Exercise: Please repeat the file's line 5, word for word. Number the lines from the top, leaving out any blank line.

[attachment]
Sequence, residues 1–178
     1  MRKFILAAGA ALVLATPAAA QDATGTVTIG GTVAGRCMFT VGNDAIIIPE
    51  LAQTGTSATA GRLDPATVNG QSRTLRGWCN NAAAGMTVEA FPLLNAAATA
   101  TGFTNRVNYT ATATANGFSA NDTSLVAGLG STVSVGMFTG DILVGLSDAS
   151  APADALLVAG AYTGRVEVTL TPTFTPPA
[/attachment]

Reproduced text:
   151  APADALLVAG AYTGRVEVTL TPTFTPPA